Rigorously enforcing the fines, which raised EUR33,000 in 2015, has been important, as residents of Switzerland or Singapore, both of which have huge fines for littering, would tell you. Irresponsible dog owners might also think twice if a regime of dog licensing involved DNA coding, enabling the council to find out and fine those responsible for each deposit left on the street.

But the problem is much bigger than people just dropping litter or unsecured bins being blown over. Although they might deny it in public, Lidl, McDonald’s, Costa and Coca-Cola are almost certainly involved in the Great British Spring Clean because they recognise the role their own business practices play in generating litter.

The sheer amount of packaging used in modern life is orders of magnitude more than is actually necessary. A very great deal of the packaging we use is completely pointless (plastic-wrapped broccoli, anyone?) and we’d all be better off without it. We would save resources, spend less money and generate much, much less waste. Fortnightly bin collections wouldn’t be half as controversial if we had less to dispose of in the first place.

Here, national government needs to play a role, and the recent 5p charge for carrier bags is very definitely a step in the right direction. But so too do those global companies who can help by reducing the amount of packaging they use or sponsoring some of the costs of additional bins and litter wardens like those introduced in Dun Laoghaire.

We come from across the UK and beyond and, depressingly, Plymouth is by far the dirtiest city any of us have lived in. But it doesn’t have to be that way.

So let’s help our students clean up our city and region, and then let’s keep it clean and tidy. Devon and Cornwall are beautiful places. When thousands of Americans come in 2020 to celebrate the 400th anniversary of the sailing of the Mayflower, we want them to be sad their ancestors left, not happy they don’t now have to live among a sea of litter.

Student initiative

Supporting our position as one of the leading green universities in the country, students from the Geography and Environmental Science societies have launched a joint initiative to clean up the city’s streets.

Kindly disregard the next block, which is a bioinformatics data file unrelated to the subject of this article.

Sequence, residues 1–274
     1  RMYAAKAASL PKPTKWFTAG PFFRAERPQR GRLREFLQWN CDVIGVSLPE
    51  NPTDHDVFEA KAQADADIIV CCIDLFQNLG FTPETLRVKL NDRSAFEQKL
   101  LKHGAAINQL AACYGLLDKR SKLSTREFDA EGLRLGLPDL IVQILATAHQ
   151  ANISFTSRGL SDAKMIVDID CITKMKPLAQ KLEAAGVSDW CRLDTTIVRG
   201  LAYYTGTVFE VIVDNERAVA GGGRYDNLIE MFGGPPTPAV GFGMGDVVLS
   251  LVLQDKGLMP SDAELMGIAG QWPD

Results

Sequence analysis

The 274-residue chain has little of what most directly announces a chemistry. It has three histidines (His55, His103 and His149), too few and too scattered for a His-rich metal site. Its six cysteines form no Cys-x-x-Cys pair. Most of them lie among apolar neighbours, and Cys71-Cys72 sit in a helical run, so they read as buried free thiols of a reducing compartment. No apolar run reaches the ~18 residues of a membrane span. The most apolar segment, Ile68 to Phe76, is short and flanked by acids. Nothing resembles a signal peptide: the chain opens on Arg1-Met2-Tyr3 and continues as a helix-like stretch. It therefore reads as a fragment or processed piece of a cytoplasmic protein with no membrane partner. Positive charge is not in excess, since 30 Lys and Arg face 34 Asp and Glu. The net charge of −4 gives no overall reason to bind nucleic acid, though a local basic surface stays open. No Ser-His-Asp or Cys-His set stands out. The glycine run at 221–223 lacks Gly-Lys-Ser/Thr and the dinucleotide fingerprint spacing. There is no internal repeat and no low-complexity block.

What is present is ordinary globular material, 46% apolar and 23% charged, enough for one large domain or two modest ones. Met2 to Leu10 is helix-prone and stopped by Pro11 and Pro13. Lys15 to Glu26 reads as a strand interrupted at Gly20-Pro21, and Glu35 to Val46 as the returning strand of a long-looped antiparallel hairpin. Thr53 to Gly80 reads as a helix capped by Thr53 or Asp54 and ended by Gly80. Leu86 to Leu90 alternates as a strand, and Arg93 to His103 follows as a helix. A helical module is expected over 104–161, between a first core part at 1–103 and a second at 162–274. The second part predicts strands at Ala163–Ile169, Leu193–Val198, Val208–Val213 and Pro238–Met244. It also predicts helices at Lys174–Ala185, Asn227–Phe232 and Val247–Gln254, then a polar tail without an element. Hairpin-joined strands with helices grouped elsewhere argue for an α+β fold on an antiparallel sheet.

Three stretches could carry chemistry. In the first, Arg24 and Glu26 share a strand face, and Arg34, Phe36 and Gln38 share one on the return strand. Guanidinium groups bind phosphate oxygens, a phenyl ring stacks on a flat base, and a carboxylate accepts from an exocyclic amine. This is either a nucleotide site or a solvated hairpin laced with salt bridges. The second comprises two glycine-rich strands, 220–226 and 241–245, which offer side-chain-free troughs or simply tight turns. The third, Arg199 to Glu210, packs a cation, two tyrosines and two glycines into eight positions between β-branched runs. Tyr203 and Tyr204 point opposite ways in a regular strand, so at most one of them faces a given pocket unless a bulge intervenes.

Working with academics across both subjects, and the local community, they have signed up to the Great British Spring Clean - organised by Keep Britain Tidy - on Sunday 5 March 2017.

Environmental and social responsibility

Meeting at Plymouth Railway Station at 11am, volunteer teams of students and members of the public will aim to tidy up residential streets and public spaces near the city centre, making a positive impact on both regular residents and visitors to the city. 

The initiative reinforces our students’ national reputation for being both environmentally and socially responsible, but also complements our research and teaching into issues around the impact of litter on urban, rural and marine environments.

National support

Keep Britain Tidy Chief Executive Allison Ogden-Newton said:

“It is great to see students at the University of Plymouth signing up to the Great British Spring Clean and taking a proactive stance against litter in their community. We know that more than 50% of people are concerned about the appearance of their local area, and I hope the students’ efforts can have a positive impact on everyone living in these neighbourhoods.”

The Great British Spring Clean

Keep Britain Tidy is launching its biggest ever litter campaign to encourage half a million people to get out there and make sure where they live, work and shop is a clean appealing place they can be proud of.

The Spring Clean, which will take place from March 3-5, is being backed by charities such as the RSPCA and the Marine Conservation Society, central Government and organisations including Highways England and businesses including McDonald’s, Greggs, Lidl, Costa, Wrigleys and Coca Cola.

It builds on the success of 2016’s national clean-up, which saw 250,000 people get stuck in to clean up their communities, including hundreds of school children, thousands of community groups and over 250 local authorities across the country, who between them collected more than 300,000 bags of rubbish.

Great British Spring Clean events